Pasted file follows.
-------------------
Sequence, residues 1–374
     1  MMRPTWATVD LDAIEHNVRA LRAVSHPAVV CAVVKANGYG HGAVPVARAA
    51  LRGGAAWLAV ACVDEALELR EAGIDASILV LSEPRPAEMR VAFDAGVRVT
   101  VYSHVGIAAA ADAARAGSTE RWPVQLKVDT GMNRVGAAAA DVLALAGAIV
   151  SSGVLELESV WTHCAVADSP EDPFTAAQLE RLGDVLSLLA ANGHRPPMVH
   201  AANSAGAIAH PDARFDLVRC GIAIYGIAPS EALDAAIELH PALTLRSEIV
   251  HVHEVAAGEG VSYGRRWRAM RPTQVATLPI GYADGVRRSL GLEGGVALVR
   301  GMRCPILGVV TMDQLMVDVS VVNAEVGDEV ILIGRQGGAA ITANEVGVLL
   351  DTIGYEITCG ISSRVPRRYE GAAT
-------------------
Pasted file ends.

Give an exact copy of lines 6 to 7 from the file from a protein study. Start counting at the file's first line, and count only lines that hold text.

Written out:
   201  AANSAGAIAH PDARFDLVRC GIAIYGIAPS EALDAAIELH PALTLRSEIV
   251  HVHEVAAGEG VSYGRRWRAM RPTQVATLPI GYADGVRRSL GLEGGVALVR